Friday, November 04, 2005

And he went on his journeys from the south even to Bethel (Gen 35)

Genesis 35 is a bit of a hodgepodge of tying up loose ends, telling of the death of Isaac and finishing the part of the story that focuses on Jacob/Israel. Let's see what we have here.

God tells Jacob to go to Bethel, the place where he had that vision back in chapter 28. At that time, Jacob called the place Bethel, and here he seems to be naming it that again. I commented on this a bit back in chapter 28, but something I failed to mention then (probably because I missed it) is that the name Bethel first comes up way back in chapter 12. I'm actually a bit surprised that the SAB fails to note this, as it did note some similar things elsewhere. Putting all of this together, there are a few things I can say in addition to the comment that this was a personal name only Jacob used until now. The fact that Bethel is referenced back in Abraham's early days suggests two things, one or both of which could be true. The author of Genesis may have referred to certain places at times by names they didn't have until some time later, simply for the purpose of making it familiar to the audience at the time it was written. Whatever Abraham called Bethel, the readers probably would not recognize that name. The other thing is that despite the fact Jacob apparently originally names Bethel, God, having omniscience, already knew that that was the name it would have, and had always called it that. In any case, it's clear at least God knows the name before this naming, as He refers to it by name both in the early part of this chapter and in chapter 31.

Before going to Bethel, Jacob persuades his family and perhaps servants as well to "Put away the strange gods that are among you..." This involves throwing out any idols (such as the ones that Rachel has hidden, perhaps) as well as a number of items of jewelry that apparently have some sort of pagan connotation to them. Jacob buries them, and then as they travel, the Bible tells us that "the terror of God was upon the cities that were round about them". The SAB marks this as "cruelty" and "injustice", but gives no explanation as to why. It seems to me that the simplest interpretation of this verse is that the people in the area are still aware of what happened to Shechem and his people in the previous chapter, and knowing that these people are apparently fully dedicated to God, they fear God indirectly through fear of them. Of course, it could also be some sort of supernatural intervention on the part of God, but it's hard to say, and I'm just not clear on what makes this cruel or unjust.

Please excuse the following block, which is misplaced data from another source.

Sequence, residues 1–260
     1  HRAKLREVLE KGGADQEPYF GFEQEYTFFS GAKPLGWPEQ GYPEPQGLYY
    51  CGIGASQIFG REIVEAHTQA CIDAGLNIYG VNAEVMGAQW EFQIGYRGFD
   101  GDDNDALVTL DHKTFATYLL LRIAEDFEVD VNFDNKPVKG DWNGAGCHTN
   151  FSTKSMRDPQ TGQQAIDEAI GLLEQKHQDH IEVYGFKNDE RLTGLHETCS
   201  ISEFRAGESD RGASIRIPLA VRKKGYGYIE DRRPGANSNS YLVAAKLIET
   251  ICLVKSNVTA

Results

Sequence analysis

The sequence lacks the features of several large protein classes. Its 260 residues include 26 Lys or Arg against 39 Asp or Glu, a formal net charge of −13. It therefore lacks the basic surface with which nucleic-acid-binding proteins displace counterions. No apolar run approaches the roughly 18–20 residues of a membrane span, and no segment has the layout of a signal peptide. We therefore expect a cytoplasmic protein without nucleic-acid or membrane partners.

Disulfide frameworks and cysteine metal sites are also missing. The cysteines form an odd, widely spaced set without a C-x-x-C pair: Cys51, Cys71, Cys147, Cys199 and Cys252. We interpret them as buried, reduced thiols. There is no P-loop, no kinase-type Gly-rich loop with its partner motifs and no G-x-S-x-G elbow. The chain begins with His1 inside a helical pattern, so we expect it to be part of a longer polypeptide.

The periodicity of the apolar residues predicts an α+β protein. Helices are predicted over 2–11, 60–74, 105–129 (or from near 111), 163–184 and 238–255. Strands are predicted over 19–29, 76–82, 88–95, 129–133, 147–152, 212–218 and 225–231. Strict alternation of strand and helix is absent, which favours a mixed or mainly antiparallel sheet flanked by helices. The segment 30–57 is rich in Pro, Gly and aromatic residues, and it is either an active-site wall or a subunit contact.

Once again, God appears to Jacob, and once again, the declaration is made that Jacob will be henceforth known as Israel. Both of these are issues for the SAB, and issues I've touched on before.

Shortly after this, Rachel goes into labor with her second and last son. She dies in childbirth. The SAB says that " the Bible, a woman is expected to die happily as long as she has a son." I'm not sure what this is supposed to imply (perhaps this comment is an allusion to a possible alternate phrasing of the translation which would mean the midwife is saying essentially, "I know you're dying, but on the bright side, it's going to be a boy!") but there is some truth to it I suppose. In the ancient Jewish culture, for a woman to have a son was indeed a matter of some prestige. Nonetheless, as she died, Rachel names her new son "Benoni", a name which means "son of my sorrow." Apparently, the name doesn't stick, as Jacob prefers "Benjamin", which is the only name he's referred by ever again.

A while after this, an episode occurs in which Reuben sleeps with Bilhah, his fathers concubine. It's not really too clear whether this counts as incest, as Reuben's mother is Leah, and Bilhah is even the handmaid that was having children to be credited towards Rachel. The fact that it was Bilhah and not Zilpah is probably significant, and apparently the Talmud suggests that Reuben is trying to do a favor for his mother in making sure Rachel will not be able to even have any more children through her handmaid, since Jacob would not be likely to sleep with her after this. Another idea which seems a bit more likely to me (partially because it's a bit more Biblically based) is that Reuben, being the firstborn, is hoping to exert some sort of power grab. Jacob has, in many ways, become the king of a new nation called "Israel", and Reuben is theoretically in line for the "throne". In those times, when a king conquered another king, the conqueror would take the old king's concubines for himself. Whatever the nature of this very wrong action on Reuben's part, Jacob, as in the story of Dinah, is not recorded as having a reaction (at this point in time, but see Gen. 49:3-4). Jacob doesn't seem to have any more children from any of his wives or concubines after this time anyway.

Finally, after all this, Isaac dies, at the age of 180. I'm still not at all clear what is so absurd about these advanced ages. Granted, they seem unlikely, but I don't even see that a miracle is needed to make someone live a long time.

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